Many posters have offered the theory that Bush has been waiting until after the elections before letting the lions out of the cage. Alaa at The Mesopotamian made an impassioned and masterfully crafted plea to his American readers as voters, urging them to re-elect Bush. Responses from both sides of the political spectrum filled the comments page and left no doubt in my mind that it matters not whether the lions are loosed by Republicans or Democrats, as far as blog fans are concerned, mission one will be - post haste - get the job done! Kris, in Seattle, for example, stated emphatically that American voters will not allow their president, no matter who he is, to leave before Iraqis are ready. Not to slight you at all, Kris, but I remain skeptical that Kerry will heed that advice and I'd rather you didn't take the chance. In case I turn out to be wrong, do save my email address so you can send my words back at me and watch me eat them. Kris's comment is too long to quote here, but it's another that is certainly worth reading as I'm sure it represents the views of a large percentage of Democrat leaning Americans who are genuinely concerned about Iraq's welfare.

It’s also heartening to learn, via Sam at Hammorabi, that serious and productive discussions concerning forgiveness of Iraq’s odious debts are FINALLY happening! The United States has proposed a 90% - 95% writeoff of Iraqi debt and Japan has stated its agreement with that position. Should they follow through on that, it will be a well deserved slap in the face to the terrorists/extortionists who kidnapped three Japanese citizens earlier this year.

I was disappointed there wasn't more discussion about this part of Sam's posting in the comments. I'll forgive the neighbours as they are understandably a bit preoccupied at the moment, and for what it's worth, I'll offer my 2 cents to fill the gap. This rightoff of odious debts will be a monumental signal to the tyrants of the world and to the countries and people who prop them up. It's both bad business and bad Karma. Equally important, is the message to the tyrants: If you want foreign aide and investment, clean up your act.

While the world holds its breath, waiting for November's crucial election, other things are moving forward. Against the backdrop of yet another of Saddam Hussein’s mass graves, this one filled with the remains of pregnant women, their unborn babies and toddlers clutching toys, there is a very large community of nations taking care of issues and working to see that Iraqis WILL HAVE their freedom. If America, with George Bush at the helm, had not led the way, none of this would be happening, and for my part, I'd rather not see the momentum interrupted. In any case, whether he wins the election or not, the cowboy from Texas, speech impediment and all, will be my hero for the rest of my life.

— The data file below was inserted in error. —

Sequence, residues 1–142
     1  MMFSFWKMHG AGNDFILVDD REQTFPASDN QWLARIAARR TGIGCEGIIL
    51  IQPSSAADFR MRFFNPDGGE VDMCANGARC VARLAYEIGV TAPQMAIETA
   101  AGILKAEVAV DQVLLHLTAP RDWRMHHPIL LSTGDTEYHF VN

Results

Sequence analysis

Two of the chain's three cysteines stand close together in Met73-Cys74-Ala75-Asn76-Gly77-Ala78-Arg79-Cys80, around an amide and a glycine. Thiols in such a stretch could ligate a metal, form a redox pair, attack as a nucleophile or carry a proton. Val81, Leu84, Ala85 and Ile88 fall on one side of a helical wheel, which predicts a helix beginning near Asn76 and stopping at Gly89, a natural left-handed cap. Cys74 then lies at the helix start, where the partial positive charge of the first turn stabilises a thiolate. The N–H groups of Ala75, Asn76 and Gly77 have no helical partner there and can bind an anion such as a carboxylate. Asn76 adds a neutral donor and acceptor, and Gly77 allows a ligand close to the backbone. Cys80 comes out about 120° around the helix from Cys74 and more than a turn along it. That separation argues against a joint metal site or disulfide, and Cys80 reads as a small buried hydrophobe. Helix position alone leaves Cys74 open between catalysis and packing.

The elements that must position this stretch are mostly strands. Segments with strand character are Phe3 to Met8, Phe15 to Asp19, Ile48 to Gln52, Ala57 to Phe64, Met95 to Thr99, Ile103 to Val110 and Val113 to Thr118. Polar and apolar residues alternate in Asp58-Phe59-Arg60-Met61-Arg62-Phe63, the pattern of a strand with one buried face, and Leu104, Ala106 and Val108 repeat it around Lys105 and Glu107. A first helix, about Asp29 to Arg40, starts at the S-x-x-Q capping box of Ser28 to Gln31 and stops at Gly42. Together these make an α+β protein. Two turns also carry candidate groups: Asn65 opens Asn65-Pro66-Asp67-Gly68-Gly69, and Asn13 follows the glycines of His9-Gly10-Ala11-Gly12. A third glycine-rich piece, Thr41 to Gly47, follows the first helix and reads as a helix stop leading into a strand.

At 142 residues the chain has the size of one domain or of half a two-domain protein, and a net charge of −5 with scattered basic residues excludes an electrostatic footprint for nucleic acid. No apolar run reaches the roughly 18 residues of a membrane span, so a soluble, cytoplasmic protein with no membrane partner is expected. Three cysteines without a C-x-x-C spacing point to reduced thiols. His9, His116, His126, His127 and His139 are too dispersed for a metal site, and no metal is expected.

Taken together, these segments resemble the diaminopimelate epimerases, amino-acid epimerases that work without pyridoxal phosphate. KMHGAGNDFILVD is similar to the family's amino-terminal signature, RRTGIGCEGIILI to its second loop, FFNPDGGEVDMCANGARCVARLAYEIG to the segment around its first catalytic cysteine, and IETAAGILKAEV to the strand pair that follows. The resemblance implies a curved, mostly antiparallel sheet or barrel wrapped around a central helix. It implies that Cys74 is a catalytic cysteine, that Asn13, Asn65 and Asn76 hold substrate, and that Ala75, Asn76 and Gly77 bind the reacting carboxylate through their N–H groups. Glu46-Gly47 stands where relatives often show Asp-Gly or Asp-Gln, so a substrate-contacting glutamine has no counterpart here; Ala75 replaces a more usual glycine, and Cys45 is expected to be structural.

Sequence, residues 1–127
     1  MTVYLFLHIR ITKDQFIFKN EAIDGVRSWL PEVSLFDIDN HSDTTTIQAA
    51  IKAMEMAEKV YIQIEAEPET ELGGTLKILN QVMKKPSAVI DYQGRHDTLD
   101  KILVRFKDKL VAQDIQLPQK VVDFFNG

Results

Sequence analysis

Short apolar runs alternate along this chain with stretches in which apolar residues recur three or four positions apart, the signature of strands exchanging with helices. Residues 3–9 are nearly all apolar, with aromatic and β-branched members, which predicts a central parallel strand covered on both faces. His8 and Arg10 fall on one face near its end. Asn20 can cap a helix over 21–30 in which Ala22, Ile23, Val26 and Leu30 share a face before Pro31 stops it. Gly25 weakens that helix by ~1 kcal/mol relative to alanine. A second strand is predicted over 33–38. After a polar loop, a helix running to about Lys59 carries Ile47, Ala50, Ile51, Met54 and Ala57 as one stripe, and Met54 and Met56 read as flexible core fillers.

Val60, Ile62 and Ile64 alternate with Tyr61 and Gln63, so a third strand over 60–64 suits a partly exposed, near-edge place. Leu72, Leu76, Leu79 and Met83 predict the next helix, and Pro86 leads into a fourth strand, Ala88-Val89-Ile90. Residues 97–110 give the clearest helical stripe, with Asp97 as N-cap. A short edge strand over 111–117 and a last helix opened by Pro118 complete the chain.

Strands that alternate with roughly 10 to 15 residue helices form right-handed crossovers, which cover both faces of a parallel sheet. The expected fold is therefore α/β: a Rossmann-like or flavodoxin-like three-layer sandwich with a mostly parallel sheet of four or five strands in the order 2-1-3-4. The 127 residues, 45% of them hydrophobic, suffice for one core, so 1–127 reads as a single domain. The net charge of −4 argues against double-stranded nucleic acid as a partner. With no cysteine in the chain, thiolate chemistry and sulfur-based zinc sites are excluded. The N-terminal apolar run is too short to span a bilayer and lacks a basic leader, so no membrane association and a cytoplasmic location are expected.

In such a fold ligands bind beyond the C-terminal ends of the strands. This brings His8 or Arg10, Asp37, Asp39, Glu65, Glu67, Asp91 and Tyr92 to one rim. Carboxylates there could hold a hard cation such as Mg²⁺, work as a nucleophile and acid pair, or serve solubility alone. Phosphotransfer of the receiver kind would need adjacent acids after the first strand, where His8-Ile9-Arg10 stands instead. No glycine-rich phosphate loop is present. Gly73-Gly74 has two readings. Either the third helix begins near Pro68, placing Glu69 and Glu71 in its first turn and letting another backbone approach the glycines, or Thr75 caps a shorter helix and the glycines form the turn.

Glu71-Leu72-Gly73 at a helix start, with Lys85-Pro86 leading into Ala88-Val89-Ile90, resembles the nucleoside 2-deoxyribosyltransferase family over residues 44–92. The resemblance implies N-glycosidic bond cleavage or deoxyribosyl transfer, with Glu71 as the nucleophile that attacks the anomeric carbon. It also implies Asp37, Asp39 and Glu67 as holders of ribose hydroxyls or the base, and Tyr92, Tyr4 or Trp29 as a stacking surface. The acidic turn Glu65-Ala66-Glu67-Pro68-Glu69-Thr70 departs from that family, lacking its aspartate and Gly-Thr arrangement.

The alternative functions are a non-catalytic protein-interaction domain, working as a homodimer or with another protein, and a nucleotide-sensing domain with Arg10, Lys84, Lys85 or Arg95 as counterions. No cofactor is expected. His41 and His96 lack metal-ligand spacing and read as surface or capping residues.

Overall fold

Finally, my nomination for the best rant of the week goes to Kat from Missouri. Kat, speaking with her pajamas on, of course, gave a stellar performance in response to the Bush Lied Party's Information Minister. Well done Kat. May you live long and prosper.


Louise – the Iraqi blog addict

Thursday, October 14, 2004

“The value of an Enron share”

If you have been reading my thoughts on Iraqi bloggers comments pages, you may have seen me occasionally take an anti-war or anti-US poster to task, with, I’m not ashamed to say, a considerable degree of vehemence and snide language. They deserve it, after all.

There are several of them who post pretty much the same tired old rhetoric over and over and I, for one, am not entirely convinced that the anti-everything crowd is in fact anything more than a handful of people posting under a variety of aliases. If these posts are actually coming from more than a handful of people, they resemble the rent-a-leftie crowd that, totally on cue, rallies everytime there is a big street protest somewhere, pretending to speak for those without a voice. They are the modern day equivalent of Hitler Youth and, frankly, they are starting to scare me.

A couple of weeks ago I had an encounter with one Wadard, who claims to be Australian, and who (hopefully he will correct me if I’m wrong) also stated at one time that he is of Jewish ancestry. I mention his ancestry only because his position in “support” of oppressed peoples of the world is surprisingly unsupportive. It usually astonishes me when I hear someone, claiming to be of Jewish heritage, so blinded by his irrational hatred of the US, that he does not recognize the cries of genuinely oppressed people.

He is certainly not the only rent-a-leftie who endlessly rails against the United States, while turning a cold, blind eye and stone-deaf ear away from any discussion of the nature of Saddam Hussein’s regime. The only thing they seem to be able to do, and it is with bland cookie-cutter consistency, is bash the USA!!